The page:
Sound Ideas: The Great Potoo

by Carl Strang

“The Great Potoo” is a song I wrote to commemorate the tropical ecology course I took as a graduate student. Tropical ecology was becoming a hot topic, and this gave me the opportunity to balance out my own subarctic research on glaucous gulls with something quite different. We spent a couple weeks at the Purdue campus in preparatory studies, then a month in Panama. The wonderful aspects of the tropics cannot be expressed well enough, and can only be suggested in the song.

The Limbo Hunt Club

The Limbo Hunt Club

The Great Potoo by Carl Strang, copyright © 2006

Refrain: “You can look, you can look, you can look but you will never see a great potoo.

You can look, you can look, you can look but you will never see a great potoo.”

Verse 1: “The great potoo’s a strange, strange bird, both camouflaged and rare.

We’ll be a month in Panama, but you won’t see one there.

But that’s OK,” our teacher said, “the tropics they are full

Of many strange and wondrous sights all biological.”

And so we flew to Panama, in book study well versed.

In tropical ecology we were to be immersed.

But first we stayed a day or two in the City of Panama.

The sounds and sights and noise and smells unlike Indiana.

(Refrain)

Our first field camp was aptly named, all mud and mold and rust.

“The Limbo Hunt Club” it was called, what could we do but trust?

But it was set upon all sides by tropic forest rare.

And I still think in fondness of the time that we spent there.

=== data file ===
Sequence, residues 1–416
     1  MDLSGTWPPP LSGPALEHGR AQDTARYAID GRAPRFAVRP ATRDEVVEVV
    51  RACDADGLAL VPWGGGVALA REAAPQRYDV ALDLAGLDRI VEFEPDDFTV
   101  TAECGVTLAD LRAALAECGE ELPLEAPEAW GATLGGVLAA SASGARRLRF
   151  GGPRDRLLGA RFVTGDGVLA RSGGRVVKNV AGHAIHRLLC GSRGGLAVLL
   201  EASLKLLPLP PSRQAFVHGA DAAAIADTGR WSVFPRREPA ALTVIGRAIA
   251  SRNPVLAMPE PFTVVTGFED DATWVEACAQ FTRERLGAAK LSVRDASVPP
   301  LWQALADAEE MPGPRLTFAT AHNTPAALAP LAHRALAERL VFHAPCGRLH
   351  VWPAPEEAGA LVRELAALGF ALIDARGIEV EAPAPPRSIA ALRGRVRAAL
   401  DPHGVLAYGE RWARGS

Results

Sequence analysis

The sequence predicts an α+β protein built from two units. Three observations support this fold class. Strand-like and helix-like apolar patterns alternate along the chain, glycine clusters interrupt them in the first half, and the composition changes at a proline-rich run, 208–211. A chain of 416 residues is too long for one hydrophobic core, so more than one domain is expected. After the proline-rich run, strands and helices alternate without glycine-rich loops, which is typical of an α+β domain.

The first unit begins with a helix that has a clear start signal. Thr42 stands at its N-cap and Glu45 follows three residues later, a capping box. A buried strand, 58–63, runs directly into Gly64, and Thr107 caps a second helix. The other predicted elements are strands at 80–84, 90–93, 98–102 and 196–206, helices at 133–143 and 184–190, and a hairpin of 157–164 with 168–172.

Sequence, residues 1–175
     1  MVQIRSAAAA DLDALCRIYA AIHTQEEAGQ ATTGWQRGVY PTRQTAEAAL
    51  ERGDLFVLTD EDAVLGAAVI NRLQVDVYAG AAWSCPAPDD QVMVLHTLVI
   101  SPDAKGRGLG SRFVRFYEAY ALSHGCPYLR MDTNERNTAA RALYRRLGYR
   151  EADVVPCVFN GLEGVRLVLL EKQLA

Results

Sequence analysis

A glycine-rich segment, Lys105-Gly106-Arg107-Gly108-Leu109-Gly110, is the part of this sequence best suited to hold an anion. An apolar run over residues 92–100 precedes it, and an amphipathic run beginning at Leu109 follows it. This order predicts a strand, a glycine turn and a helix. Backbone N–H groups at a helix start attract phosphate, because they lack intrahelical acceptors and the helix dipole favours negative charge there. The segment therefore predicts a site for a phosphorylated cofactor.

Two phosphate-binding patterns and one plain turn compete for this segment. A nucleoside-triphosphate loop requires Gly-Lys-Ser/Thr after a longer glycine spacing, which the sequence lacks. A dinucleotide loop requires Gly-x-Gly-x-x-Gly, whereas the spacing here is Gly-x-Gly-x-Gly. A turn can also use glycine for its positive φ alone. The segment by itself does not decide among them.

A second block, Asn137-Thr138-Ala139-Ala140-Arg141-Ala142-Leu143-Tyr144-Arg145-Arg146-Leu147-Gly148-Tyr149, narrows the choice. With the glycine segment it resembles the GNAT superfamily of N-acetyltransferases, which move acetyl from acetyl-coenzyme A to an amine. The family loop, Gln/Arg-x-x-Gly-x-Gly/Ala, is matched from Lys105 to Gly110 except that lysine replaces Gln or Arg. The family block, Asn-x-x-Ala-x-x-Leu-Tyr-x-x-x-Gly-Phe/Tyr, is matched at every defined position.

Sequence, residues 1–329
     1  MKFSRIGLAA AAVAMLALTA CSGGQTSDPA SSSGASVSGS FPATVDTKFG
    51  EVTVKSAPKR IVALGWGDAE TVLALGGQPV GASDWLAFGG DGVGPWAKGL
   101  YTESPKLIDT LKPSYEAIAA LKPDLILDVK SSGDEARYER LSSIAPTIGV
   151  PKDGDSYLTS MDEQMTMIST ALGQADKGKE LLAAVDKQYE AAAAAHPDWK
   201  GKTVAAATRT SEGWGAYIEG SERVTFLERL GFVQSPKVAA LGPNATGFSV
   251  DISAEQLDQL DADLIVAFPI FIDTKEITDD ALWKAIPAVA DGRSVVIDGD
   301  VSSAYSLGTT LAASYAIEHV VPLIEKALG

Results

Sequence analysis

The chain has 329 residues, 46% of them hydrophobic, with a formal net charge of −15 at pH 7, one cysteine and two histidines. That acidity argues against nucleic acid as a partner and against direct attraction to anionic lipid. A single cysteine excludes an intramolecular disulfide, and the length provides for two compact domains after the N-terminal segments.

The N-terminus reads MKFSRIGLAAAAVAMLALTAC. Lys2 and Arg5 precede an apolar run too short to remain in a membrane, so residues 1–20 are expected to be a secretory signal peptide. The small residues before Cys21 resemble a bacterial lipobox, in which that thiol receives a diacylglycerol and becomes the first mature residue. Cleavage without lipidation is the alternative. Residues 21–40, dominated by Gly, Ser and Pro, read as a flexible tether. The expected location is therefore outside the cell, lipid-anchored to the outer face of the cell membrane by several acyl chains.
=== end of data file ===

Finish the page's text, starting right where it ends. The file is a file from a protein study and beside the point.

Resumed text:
The walking sticks were walking branches, hummingbirds galore.

One student caught a fer-de-lance upon the forest floor.

And flowers and trees, and stingless bees, leaf cutter and army ants, too.

Lizards, frogs, and butterflies; at night moths and bats flew.

In the tropics things are big and wonderful…

(Refrain)

But then one morning, perched above our open-sided shack

The tree branch sported a new stub, we looked and it looked back.

Our teacher in amazement said we couldn’t ever hope

To appreciate our luck, the great potoo was in our scope.

We climbed up high, and crawled down low, we traveled to both coasts.

I held a sea snake in my hands, chased crabs that looked like ghosts.

But of the many highlights, one that stands out is the view

From the Limbo Hunt Club clearing of that bird, the great potoo.

(Refrain).

I held a sea snake in my hands, and someone took this photo. The scales are set like little bricks, not overlapping like those of other snakes.

I held a sea snake in my hands, and someone took this photo. The scales are set like little bricks, not overlapping like those of other snakes.

No, this is not a great potoo. The roll of film with my potoo pictures jammed in the camera. I thought I was extricating it in a sufficiently dark place, but I was wrong. Most of the photos were ruined. This picture of a slaty flower piercer was one of the few, albeit washed out, survivors.

No, this is not a great potoo. The roll of film with my potoo pictures jammed in the camera. I thought I was extricating it in a sufficiently dark place, but I was wrong. Most of the photos were ruined. This picture of a slaty flower piercer was one of the few, albeit washed out, survivors.

You can see photos of great potoos here, and recordings of their roaring call here.

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